8 Things you wouldn’t believe come out of a 3D printer
How exactly does 3D printing work? To cut a long story short, you design a virtual 3D model of something on a PC using using CAD software. The 3D printer then turns that design into a model using plastics, metals and other materials. So what can you actually 3D print? Here’s a few things that surprised even us.
1. A house
Quite a few people have had a go at printing buildings, but here’s one that caught eye. In 2014, Professor Behrokh Khoshnevis from UCLA unveiled a machine that he said could make a 2,500-square-foot house in a process called ‘contour crafting’ in a single day
There are loads of examples of printed guitars on the internet. Here, industrial design student Adrian McCormack talks about printing his own guitars. It looks like you still have to put the strings on yourself.
It was bound to happen and in May 2013, Defense Distributed released files that anyone with access to a 3D printer could use to make the ‘Liberator’ pistol. DD is still in a conflict with the US State Department over whether there is a requirement to seek government approval before releasing privately generated gun files into the public domain.
4. Replica cars
The most famous printed car is the replica of an Aston Martin DB5 used in the James Bond film, Skyfall. Several replicas, around one third the size of the 1960s original, were ‘printed’ by Voxeljet and finished by Propshop Modelmakers .One was destroyed during filming and another was sold at auction for a reported US $100,000.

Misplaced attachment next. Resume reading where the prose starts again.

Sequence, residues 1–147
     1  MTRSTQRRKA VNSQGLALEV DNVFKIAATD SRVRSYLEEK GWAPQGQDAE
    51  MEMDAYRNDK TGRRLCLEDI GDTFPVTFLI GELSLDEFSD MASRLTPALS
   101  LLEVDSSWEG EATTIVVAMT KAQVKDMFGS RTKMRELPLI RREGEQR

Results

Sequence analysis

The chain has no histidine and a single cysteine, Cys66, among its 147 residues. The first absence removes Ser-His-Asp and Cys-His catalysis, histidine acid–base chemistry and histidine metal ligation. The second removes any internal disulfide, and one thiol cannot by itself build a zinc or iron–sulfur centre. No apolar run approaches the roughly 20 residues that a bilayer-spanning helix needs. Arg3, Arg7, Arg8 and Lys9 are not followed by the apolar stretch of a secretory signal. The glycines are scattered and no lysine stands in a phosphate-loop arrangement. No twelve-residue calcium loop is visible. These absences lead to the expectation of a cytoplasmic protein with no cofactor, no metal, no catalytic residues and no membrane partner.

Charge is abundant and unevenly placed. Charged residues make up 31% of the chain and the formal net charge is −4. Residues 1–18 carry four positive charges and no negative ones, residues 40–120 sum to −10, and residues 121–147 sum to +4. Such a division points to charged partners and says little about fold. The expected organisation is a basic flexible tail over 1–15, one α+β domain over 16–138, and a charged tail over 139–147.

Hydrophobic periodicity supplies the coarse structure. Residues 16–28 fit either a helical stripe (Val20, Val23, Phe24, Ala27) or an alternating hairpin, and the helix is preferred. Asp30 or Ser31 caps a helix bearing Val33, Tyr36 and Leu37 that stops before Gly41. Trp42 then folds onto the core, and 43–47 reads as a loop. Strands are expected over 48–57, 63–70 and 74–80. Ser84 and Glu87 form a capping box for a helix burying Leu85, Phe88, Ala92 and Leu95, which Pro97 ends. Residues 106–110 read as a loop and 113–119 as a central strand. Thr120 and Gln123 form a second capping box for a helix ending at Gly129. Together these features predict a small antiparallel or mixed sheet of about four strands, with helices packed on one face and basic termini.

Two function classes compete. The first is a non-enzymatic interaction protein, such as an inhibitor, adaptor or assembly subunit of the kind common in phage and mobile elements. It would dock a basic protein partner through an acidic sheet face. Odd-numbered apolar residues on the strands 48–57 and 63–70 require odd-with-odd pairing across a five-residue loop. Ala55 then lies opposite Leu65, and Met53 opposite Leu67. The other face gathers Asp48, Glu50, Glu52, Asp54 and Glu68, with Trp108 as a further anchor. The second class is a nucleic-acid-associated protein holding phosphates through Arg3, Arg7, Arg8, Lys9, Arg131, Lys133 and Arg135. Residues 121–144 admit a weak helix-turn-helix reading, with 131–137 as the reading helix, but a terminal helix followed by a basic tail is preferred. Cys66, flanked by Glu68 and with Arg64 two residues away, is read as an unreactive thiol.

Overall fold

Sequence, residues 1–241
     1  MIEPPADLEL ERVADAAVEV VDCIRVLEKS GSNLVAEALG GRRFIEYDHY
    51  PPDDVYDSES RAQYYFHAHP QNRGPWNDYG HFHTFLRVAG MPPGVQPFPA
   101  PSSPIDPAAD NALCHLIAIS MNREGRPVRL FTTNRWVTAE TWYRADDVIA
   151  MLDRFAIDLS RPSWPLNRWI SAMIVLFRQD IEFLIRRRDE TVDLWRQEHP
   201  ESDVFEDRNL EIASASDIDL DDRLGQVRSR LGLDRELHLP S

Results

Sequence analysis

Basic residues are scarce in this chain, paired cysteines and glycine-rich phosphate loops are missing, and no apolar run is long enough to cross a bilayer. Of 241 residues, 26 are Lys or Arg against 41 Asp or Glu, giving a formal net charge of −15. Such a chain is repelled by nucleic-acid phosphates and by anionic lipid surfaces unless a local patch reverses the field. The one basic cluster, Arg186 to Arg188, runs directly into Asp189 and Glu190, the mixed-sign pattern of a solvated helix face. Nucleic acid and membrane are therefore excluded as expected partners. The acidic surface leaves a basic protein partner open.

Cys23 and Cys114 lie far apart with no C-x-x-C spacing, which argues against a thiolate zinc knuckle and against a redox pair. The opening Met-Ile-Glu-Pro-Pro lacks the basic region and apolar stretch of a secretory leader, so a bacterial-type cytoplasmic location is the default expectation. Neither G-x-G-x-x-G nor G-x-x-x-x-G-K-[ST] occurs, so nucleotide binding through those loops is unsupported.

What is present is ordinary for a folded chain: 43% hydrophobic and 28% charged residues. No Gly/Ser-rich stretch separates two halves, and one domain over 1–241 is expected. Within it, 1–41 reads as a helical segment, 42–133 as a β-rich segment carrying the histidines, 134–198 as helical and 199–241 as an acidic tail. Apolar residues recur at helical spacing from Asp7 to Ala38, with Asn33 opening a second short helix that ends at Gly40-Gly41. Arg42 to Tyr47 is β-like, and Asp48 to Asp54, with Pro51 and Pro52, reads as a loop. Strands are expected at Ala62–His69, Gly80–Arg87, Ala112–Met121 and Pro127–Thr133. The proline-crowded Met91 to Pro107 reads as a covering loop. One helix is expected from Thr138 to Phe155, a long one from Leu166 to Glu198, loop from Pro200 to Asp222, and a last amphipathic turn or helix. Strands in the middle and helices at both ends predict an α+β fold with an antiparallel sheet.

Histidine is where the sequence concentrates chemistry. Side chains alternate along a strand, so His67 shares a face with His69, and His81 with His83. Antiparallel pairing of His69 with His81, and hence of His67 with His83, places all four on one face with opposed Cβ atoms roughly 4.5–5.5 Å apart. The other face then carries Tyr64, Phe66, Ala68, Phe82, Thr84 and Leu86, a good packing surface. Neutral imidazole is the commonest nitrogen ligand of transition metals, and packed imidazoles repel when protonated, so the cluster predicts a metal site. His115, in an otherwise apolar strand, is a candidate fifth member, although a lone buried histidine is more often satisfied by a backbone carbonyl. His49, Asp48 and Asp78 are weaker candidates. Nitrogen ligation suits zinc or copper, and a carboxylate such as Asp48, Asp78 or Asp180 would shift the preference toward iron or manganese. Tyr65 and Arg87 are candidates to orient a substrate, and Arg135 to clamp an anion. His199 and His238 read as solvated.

5. Weird alien shoes
The Exoskeleton Shoe was designed by Janina Alleyne and modelled by Inner Leaf. Although described as ‘full size’, the shoe is shoe is for decorative purposes only. You can even buy a pair here.
Starbug is a spaceship and one of the stars of British sci-fi hit Red Dwarf. In the programme, Starbug crashes a lot. Producers wanted a durable scale model of the ship and wanted it to be made up of bits that could be replaced if there was damage during filming. Voxeljet, makers of the James Bond Aston Martin, duly obliged.
7. Peruvian priestess
In 2005, Peruvian archaeologists discovered the 1700-year old mummified remains of a priestess whom they dubbed ‘Lady of Cao’. In 2017, after months of 3D scanning and facial reconstruction work, they unveiled a detailed, printed reconstruction of her face.
8. Artifical reefs
The world’s coral reefs are dying and it will be a while, if ever, before they grow back naturally. Fabien Cousteau, grandson of ocean explorer Jacques, hopes to restore rich reef ecosystems by placing printed, artificial ones in the world’s oceans.
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